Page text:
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The Remarkably Respectful Song of Bernadette

Being a convert, I'm still getting up to speed on what might call "modern" Catholic history.  For example, I assumed the famed healing waters at Lourdes was an ancient shrine, not something that came into existence less than two centuries ago.

Because I'm building out my religious film collection, I decided to grab a disc of The Song of Bernadette, starring Jennifer Jones.  Made in 1943, this film sets itself squarely on the side of the titular saint.  There are lots of "direct to video" films of that nature, but this was an Academy Award-winning mainstream film with an excellent cast.

Vincent Price is his usually brilliant self as a secular businessman who has no use for "superstition."  At first, the skeptics seem to have a point, because like many mystics, Bernadette speaks to persons unseen and sometimes seems completely lost in a world of her own.  To those who have closed themselves off from the spirit realm, there is nothing to see.  But the more I open myself to it, the more I feel its presence, often in strange and unexpected ways.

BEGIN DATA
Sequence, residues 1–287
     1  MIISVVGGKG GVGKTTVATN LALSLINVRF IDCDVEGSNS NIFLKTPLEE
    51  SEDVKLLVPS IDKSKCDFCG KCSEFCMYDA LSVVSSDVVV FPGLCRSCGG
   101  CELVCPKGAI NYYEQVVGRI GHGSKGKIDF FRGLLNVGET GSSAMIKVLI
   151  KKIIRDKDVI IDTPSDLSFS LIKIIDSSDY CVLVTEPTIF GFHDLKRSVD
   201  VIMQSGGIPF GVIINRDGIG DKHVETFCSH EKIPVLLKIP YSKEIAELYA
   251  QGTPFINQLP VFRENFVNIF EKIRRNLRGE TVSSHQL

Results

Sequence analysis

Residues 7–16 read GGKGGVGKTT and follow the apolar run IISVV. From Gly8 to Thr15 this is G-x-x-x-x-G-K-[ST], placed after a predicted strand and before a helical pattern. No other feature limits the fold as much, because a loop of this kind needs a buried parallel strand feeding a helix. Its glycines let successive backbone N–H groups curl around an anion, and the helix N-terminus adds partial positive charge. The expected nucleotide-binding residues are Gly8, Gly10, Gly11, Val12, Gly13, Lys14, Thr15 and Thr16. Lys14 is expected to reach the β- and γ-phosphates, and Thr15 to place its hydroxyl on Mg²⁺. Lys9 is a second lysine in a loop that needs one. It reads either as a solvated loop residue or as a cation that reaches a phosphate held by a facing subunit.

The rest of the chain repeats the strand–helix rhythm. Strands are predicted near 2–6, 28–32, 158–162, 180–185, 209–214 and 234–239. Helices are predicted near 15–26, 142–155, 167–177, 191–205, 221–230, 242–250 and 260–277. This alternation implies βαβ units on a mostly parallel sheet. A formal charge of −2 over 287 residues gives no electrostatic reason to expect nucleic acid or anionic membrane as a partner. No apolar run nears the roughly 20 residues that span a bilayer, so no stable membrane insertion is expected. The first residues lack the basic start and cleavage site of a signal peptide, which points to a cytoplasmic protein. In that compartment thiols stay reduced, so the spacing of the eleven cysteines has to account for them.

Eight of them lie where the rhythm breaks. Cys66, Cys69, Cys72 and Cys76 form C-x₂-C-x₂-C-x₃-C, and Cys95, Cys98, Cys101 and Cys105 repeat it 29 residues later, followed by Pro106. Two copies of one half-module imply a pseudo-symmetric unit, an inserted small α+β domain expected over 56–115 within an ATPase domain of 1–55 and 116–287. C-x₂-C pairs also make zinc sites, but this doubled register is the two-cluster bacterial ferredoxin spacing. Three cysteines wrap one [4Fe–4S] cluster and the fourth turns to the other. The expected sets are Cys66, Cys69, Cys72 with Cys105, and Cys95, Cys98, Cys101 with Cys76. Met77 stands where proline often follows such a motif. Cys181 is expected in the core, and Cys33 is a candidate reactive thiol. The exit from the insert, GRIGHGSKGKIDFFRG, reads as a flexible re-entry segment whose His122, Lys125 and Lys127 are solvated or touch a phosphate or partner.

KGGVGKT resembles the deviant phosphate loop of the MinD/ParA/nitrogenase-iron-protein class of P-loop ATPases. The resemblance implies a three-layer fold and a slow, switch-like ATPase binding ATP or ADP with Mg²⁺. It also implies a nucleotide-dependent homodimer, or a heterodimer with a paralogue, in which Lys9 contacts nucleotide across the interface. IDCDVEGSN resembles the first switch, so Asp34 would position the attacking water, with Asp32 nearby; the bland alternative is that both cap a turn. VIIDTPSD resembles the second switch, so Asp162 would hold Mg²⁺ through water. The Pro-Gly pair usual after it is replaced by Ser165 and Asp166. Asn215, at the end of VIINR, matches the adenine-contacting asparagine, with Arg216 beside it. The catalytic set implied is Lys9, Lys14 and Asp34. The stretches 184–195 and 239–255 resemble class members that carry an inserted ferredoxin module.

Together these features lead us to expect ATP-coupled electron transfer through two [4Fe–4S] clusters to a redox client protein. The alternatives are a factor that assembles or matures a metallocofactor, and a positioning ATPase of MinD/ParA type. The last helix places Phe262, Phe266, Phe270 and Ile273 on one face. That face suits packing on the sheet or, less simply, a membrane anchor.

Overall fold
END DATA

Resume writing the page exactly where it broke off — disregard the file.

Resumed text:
By strange coincidence (or was it?) I also recently attended a funeral one of my past employers, a good man with every mark of success who was well-loved.  The church was packed, and extra seating had to be set out in the hallways and into the lobby.

I mention this because it was a Baptist "celebration of life," and felt more like a variety show whose guest of honor was absent.  The church itself was typical of the type - utilitarian and sparsely decorated.  The main chamber (I hesitate to call it a sanctuary) had white walls, natural wood support beams and single austere wooden cross in the center.  The dais had four comfy, high-backed armchairs flanking a podium, which I assume was considered to be a pulpit.  To video screens flanks the cross, and offered photos and even a family video celebrating the deceased.

The whole thing seemed strangely sterile, and true to doctrine, the emphasis of the service was that all one had to do was believe in Christ in order to straight to heaven when death came.

There is no place in such a worldview for saints, relics, sacraments or mysticism.  No place for healing springs or sacred spaces.  It was very much "of this world," and the presiding pastor was the son-in-law of the recently departed.

One line the pastor said particularly struck me, which was how the success and prosperity, wonderful (and believing!) family showed God's favor.  Is there a space for someone like St. Bernadette in such a faith?  What would happen if a young Baptist girl dug a hole and clean, healing water came out of it?  Would it be witchcraft?  Would someone's brother-in-law bring a backhoe in to fill it?

Then again, God knows what He is going, and bestows signs on those who can understand them.

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